The blue wash is the result of my dissolving a couple of tiny figures at the bottom of the page. Then I began again, with two people who were seated in different areas of the market. The whimsical sheep and goat are papier mache creatures hanging from the high ceiling. Signage, a striped awning motif and light fixtures were added, to represent several similar items scattered throughout the market scene.
Drawing people from behind is often advisable, in order to be sneaky, and to avoid having to depict the face.
There is interesting architecture on B Street in San Rafael, around the corner from Rileystreet Art Supplies, where my Thursday drop-in sketching workshop meets. Here are the stages in my sketch of part of a building.
The first “pass” is done with a dark red aquarelle pencil, to put the basics down as quickly as possible. Then I used a Micron .08 pen to add some line work. Next I added turquoise pencil strokes and used water to blend color. The final version includes some dark accents made with a Faber-Castell B (brush) pen.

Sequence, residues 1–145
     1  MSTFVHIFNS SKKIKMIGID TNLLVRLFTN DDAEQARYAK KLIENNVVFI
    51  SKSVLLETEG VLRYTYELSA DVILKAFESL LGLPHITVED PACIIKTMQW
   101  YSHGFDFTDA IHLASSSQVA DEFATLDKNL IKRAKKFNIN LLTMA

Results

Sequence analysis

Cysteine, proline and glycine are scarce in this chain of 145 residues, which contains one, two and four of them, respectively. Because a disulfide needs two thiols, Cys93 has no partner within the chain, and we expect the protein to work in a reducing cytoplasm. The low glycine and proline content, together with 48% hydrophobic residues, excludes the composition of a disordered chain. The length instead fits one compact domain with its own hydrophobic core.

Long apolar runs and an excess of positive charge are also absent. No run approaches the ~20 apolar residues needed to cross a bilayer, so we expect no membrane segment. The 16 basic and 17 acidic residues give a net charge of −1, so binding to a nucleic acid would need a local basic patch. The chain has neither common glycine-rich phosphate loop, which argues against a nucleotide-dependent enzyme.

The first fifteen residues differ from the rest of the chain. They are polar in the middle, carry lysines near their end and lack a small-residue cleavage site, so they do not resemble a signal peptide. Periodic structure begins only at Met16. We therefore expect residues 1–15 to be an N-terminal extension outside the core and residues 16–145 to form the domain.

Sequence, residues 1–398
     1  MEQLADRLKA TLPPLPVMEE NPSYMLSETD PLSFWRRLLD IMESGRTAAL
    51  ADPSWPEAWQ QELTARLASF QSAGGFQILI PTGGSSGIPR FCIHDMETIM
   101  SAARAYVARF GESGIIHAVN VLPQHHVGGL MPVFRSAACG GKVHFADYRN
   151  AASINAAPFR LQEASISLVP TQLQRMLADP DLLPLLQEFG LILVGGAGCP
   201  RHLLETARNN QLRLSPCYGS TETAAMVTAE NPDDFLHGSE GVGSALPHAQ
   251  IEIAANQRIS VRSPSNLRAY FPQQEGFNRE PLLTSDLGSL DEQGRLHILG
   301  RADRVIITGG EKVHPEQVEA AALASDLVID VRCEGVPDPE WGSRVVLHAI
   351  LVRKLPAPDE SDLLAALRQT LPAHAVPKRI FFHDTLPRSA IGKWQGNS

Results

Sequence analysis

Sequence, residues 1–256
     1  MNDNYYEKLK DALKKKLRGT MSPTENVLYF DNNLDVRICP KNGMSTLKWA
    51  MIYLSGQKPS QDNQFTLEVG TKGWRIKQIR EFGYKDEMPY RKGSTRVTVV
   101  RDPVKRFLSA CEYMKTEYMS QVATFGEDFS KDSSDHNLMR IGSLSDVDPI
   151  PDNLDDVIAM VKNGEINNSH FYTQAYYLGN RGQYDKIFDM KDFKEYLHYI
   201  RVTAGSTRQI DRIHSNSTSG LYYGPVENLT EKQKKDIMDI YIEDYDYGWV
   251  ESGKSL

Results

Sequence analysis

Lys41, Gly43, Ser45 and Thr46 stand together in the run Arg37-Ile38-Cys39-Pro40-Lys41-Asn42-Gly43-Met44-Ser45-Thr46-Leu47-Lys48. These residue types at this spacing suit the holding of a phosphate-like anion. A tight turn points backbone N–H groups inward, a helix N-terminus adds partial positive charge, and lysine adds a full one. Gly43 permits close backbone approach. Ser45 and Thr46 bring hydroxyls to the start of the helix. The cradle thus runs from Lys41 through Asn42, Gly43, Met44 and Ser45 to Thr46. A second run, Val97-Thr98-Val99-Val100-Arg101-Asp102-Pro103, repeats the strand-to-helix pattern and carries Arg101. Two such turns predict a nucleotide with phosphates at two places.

At a recent demonstration of quick sketching techniques I was asked how I handle the challenges of accurately drawing such things as complex architecture. My reply was that I do not concern myself much with being accurate. I freely change the relative sizes and positions of items in the sketch, to simplify a scene or create a focal point. I usually sacrifice accuracy for speed.
In this recent sketch at a market day I included a tall tower and really messed up the geometry at the top. Not a problem, as the center of attention is much lower.
It was a lovely day for outdoor sketching, and I took advantage of the Wednesday Farmers Market in Corte Madera Town Center. The bright orange tent and the magenta table cloth of the gourmet Indian foods attracted my attention. Photo shows my view.
first stage: water-soluble pencil layout
I squeezed the scene a bit to accommodate a nearly square format. Dark purple aquarelle (water-soluble) pencil established the layout and some of the darkest areas.